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Live Review: Zeal & Ardor, Dispossessed, Burden Man

28 February 2019 | 12:10 pm | Brendan Delavere

"This show will go down as one of those cult shows that everyone claims they were at but few witnessed."

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Sydney trio Burden Man meandered their way through their half-hour opening set with an amalgamation of post-black metal, southern fried riffs and deep, gloomy vocals. If Deafheaven and Tom Waits collaborated, the result would be Burden Man, their expansive sound captivating the half-full room.

Dispossessed are fiercer than ever. They've shed their sludgy sound in favour of blast beats and short, fast, loud grindcore. No one murmurs a word during their Welcome To Country opener, before they rip into a blast-y little number. Volatile, unrelenting and in your face, the band break up the violence with moments of dialogue about the injustices suffered by First Nations people, particularly at the hands of police.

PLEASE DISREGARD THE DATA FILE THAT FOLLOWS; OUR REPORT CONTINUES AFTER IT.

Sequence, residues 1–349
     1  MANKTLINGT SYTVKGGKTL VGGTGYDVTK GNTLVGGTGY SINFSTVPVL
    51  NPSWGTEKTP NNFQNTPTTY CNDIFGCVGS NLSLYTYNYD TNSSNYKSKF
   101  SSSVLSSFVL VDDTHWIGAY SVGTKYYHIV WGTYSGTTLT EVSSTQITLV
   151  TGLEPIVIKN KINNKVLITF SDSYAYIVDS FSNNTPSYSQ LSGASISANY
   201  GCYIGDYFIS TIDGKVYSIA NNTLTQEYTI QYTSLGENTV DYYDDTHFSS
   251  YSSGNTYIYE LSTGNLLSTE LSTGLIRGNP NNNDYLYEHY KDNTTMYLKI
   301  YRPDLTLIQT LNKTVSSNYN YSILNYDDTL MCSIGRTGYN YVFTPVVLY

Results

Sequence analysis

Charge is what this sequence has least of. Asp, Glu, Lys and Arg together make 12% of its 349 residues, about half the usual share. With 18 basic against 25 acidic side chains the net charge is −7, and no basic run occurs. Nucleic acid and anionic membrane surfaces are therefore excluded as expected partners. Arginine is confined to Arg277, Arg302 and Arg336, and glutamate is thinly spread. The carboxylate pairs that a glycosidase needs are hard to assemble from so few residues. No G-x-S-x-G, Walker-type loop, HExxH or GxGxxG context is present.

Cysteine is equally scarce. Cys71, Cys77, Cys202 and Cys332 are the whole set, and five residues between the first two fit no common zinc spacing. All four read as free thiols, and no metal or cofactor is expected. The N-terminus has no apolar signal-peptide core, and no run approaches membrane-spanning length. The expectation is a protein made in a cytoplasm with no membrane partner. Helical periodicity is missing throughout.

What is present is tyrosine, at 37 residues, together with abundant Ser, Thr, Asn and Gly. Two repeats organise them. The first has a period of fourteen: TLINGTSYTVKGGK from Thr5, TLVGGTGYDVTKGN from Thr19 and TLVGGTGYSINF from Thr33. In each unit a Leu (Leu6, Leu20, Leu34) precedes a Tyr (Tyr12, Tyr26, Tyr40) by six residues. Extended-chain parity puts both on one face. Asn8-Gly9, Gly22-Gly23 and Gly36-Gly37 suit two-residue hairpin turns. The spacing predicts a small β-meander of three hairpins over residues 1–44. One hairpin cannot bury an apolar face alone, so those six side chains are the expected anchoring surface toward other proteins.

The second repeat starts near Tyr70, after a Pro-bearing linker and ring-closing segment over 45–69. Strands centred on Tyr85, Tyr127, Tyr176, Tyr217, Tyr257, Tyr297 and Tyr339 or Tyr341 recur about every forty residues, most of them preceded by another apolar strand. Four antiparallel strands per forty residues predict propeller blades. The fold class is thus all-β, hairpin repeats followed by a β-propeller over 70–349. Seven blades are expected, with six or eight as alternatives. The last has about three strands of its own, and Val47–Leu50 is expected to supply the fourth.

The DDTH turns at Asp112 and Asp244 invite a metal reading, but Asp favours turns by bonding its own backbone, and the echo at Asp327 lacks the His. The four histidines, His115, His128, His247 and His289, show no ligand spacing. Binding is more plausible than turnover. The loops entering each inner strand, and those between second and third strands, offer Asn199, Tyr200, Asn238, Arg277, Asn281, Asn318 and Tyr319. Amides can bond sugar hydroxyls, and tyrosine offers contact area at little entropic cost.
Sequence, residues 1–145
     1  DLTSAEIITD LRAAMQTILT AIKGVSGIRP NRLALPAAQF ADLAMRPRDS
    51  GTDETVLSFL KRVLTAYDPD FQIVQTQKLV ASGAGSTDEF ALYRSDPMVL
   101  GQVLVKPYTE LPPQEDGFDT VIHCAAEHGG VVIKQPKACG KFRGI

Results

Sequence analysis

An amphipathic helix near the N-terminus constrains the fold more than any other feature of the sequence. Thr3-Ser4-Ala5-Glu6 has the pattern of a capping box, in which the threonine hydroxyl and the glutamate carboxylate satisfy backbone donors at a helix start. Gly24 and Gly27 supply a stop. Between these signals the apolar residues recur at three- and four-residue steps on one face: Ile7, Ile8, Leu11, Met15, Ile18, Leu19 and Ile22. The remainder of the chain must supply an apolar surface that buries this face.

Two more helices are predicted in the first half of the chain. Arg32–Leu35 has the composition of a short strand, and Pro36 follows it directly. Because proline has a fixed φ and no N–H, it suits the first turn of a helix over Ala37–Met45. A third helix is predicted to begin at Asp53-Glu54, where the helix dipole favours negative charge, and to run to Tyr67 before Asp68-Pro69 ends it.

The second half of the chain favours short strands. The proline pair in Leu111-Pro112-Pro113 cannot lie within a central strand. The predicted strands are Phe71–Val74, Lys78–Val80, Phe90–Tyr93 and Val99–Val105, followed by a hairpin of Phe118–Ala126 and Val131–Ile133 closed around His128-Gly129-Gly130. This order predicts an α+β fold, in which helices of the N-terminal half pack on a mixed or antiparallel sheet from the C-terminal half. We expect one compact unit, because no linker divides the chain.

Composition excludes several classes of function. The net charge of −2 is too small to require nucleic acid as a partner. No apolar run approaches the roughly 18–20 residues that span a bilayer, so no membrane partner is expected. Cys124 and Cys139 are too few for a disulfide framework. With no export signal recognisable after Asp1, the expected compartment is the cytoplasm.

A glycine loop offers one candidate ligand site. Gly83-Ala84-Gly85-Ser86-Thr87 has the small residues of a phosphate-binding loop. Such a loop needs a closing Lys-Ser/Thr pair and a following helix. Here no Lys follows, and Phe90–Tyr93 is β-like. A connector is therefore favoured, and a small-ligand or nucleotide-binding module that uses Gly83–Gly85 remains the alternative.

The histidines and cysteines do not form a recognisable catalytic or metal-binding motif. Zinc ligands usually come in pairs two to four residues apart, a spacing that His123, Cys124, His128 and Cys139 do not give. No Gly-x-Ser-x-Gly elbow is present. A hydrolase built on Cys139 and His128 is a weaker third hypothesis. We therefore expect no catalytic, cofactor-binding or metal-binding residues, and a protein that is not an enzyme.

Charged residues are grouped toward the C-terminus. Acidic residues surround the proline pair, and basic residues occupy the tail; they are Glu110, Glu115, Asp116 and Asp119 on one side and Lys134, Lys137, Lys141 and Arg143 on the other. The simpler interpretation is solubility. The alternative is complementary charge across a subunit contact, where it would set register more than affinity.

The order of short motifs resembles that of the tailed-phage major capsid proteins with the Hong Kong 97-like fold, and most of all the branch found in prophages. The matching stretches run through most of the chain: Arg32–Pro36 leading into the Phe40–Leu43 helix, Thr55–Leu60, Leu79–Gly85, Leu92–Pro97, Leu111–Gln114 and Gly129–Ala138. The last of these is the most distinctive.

As the lights dimmed, the already dark room descended into pitch black with the haunting sounds of Sacrilegium I beating chests with its massive bass drop.

Taking the stage to the screams of a packed Crowbar, the six-piece Zeal & Ardor, aka the brainchild of Swiss-American Manuel Gagneux, flanked by backing vocalists Denis Wagner and Marc Obrist, drew the crowd in with In Ashes. The chanting in Servants and Blood In The River (with its refrain of, “A good God is a dead one”), and the soul-destroying call of Come On Down were heightened by relentless strobe lighting.

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With very little to say instead “let[ting] the music do the rest”, Gagneux continued his unholy screech – a blend of black metal and spiritual chanting with snippets of free jazz thrown into the mix. Row Row and Gravedigger's Chant encapsulated the very nature of the band; jangling chains and chants woven between bursts of banshee-like screams.

Choosing to forgo the unnecessary lie that is an encore, the six-piece stayed on for the final two tracks of the hour-long set. With the haunting chant of Devil Is Fine ringing in the dark, the room chorused as one. Sweaty and elated, the band closed with a final beast of a track, Baphomet. This show will go down as one of those cult shows that everyone claims they were at but few witnessed.